Imec sets major step towards
20nm half pitch interconnects with the realization of electrically functional
copper lines embedded into silicon oxide using a spacer-defined double patterning
“We are very proud to be the world’s first in developing and processing
such small on-pitch working interconnects;” said Zsolt Tokei, program
director interconnects at imec. “Spacer-defined (or self-aligned) double
patterning has recently gained interest as the patterning technique for future
FLASH memory devices. I’m confident that memory companies will benefit
from this state-of-the-art result.”
Scaling of interconnects towards 20nm half pitch faces many challenges. Double
patterning lithography is needed since the metal lines cannot be realized in
a single print. Therefore, a solution is needed for the actual design split
of the structures and the alignment of the different masks. And, filling of
(sub-)20nm lines is not possible using standard physical vapor deposition of
TaN/Ta-based metallization. Moreover, control of line-edge roughness becomes
increasingly difficult with further scaling. And finally, engineering of the
patterning stack is required for optimal adhesion.
Imec demonstrated patterning and metallization of 20nm half pitch copper lines
in silicon oxide with a TiN metal hard mask. The patterning is based on a sacrificial
double hard mask and uses 3 photos (CORE, TRIM and PATCH) and four etch steps.
The CORE photo defines dense lines at 40nm half pitch, which after trim, etch
and spacer deposition results in 20nm half pitch spacer loops. The TRIM makes
large openings to cut the spacer loops away by etch. And PATCH defines the final
layout, electrical connections and bond pads. Overlay control is critical in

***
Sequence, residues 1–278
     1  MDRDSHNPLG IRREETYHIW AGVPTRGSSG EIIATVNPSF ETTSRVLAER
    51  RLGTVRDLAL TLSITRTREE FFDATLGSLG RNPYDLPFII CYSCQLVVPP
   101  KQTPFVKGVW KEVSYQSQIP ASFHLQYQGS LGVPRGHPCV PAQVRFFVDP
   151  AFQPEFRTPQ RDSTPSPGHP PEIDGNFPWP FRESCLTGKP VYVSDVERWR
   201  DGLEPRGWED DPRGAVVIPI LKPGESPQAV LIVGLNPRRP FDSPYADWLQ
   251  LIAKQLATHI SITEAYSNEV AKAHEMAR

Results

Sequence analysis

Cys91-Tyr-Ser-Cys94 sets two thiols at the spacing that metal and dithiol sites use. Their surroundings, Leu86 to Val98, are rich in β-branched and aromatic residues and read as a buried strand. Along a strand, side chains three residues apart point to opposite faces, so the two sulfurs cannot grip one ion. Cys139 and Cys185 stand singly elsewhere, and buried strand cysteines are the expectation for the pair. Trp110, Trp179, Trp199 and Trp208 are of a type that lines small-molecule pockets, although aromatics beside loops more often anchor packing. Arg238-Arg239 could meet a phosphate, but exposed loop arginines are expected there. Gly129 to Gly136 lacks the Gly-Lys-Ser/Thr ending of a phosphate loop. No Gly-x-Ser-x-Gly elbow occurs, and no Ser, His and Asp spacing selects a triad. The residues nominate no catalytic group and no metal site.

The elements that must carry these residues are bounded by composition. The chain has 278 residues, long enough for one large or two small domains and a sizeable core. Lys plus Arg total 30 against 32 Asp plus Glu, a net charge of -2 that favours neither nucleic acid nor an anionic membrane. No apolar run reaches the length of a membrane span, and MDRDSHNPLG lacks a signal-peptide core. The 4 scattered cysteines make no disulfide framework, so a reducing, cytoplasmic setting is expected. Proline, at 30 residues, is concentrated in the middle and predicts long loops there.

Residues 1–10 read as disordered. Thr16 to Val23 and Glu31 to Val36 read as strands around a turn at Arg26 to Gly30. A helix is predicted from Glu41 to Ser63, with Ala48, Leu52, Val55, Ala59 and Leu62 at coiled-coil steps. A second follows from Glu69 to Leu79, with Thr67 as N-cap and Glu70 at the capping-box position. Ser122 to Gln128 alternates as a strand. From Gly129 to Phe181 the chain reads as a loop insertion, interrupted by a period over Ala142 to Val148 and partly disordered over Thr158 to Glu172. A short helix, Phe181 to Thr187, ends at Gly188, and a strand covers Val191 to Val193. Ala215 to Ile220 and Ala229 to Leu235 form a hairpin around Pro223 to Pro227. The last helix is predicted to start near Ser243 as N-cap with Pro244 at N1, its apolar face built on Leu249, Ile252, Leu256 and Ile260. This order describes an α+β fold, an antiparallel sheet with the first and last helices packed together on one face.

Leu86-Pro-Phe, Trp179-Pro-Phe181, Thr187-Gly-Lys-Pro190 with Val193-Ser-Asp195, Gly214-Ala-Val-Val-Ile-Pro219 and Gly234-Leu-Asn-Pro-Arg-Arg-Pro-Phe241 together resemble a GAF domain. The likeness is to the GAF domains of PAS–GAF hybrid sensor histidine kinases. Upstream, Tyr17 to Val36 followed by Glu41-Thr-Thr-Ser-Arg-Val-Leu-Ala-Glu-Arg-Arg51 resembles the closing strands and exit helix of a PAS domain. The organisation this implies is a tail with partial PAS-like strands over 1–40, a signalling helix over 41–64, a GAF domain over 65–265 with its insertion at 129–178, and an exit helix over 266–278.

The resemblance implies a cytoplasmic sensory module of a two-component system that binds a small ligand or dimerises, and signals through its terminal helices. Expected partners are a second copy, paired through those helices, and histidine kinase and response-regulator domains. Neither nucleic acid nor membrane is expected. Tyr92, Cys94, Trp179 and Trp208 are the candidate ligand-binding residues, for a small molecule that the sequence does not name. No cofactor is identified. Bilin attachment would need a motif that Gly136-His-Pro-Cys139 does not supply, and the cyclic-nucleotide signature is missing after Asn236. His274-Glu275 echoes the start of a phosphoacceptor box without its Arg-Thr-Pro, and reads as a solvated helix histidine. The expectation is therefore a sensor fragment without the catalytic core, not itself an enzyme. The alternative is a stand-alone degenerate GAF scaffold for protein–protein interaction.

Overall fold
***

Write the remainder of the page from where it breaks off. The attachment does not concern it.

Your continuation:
order to end up with the designed test pattern. The dielectric spacing between
the metal lines was accurately controlled thanks to the spacer-defined integration
method. A Ruthenium-based metallization scheme was used to realize void-less
Dielectric breakdown properties of the interconnects were measured and the
results are very encouraging as the breakdown field is close to the intrinsic
dielectric breakdown properties of the oxide and dielectric cap layers.
These results were obtained in cooperation with imec’s key partners in
its core CMOS programs: Intel, Micron, Panasonic, Samsung, TSMC, Sony, Fujitsu,
Infineon, Qualcomm, ST Microelectronic, Amkor.
Imec performs world-leading research in nanoelectronics. Imec leverages its
scientific knowledge with the innovative power of its global partnerships in
ICT, healthcare and energy. Imec delivers industry-relevant technology solutions.
In a unique high-tech environment, its international top talent is committed
to providing the building blocks for a better life in a sustainable society.
Imec is headquartered in Leuven, Belgium, and has offices in Belgium, the Netherlands,
Taiwan, US, China and Japan. Its staff of more than 1,750 people includes over
550 industrial residents and guest researchers. In 2009, imec's revenue (P&L)
was 275 million euro.
Imec is a registered trademark for the activities of IMEC International (a
legal entity set up under Belgian law as a "stichting van openbaar nut”),
imec Belgium (IMEC vzw supported by the Flemish Government), imec the Netherlands
(Stichting IMEC Nederland, part of Holst Centre which is supported by the Dutch
Government), imec Taiwan (IMEC Taiwan Co.) and imec China (IMEC Microelectronics
(Shangai) Co. Ltd.).